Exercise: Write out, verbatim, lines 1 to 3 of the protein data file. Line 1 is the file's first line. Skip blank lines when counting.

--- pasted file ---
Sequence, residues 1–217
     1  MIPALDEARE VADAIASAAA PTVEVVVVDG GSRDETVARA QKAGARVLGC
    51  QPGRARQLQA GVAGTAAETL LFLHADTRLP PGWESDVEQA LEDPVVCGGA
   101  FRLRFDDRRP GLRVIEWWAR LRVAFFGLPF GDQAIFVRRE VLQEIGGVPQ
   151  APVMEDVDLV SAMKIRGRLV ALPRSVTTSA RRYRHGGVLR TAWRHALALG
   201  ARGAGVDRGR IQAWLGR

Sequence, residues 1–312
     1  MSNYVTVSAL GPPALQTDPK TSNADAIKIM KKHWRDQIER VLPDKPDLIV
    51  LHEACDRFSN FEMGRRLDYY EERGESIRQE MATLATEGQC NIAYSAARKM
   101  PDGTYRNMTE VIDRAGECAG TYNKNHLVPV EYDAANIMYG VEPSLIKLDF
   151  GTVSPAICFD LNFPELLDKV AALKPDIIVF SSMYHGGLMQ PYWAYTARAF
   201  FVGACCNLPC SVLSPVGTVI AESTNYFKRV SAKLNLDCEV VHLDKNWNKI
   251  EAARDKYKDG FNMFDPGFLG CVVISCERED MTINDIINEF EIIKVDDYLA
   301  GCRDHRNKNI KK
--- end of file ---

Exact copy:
Sequence, residues 1–217
     1  MIPALDEARE VADAIASAAA PTVEVVVVDG GSRDETVARA QKAGARVLGC
    51  QPGRARQLQA GVAGTAAETL LFLHADTRLP PGWESDVEQA LEDPVVCGGA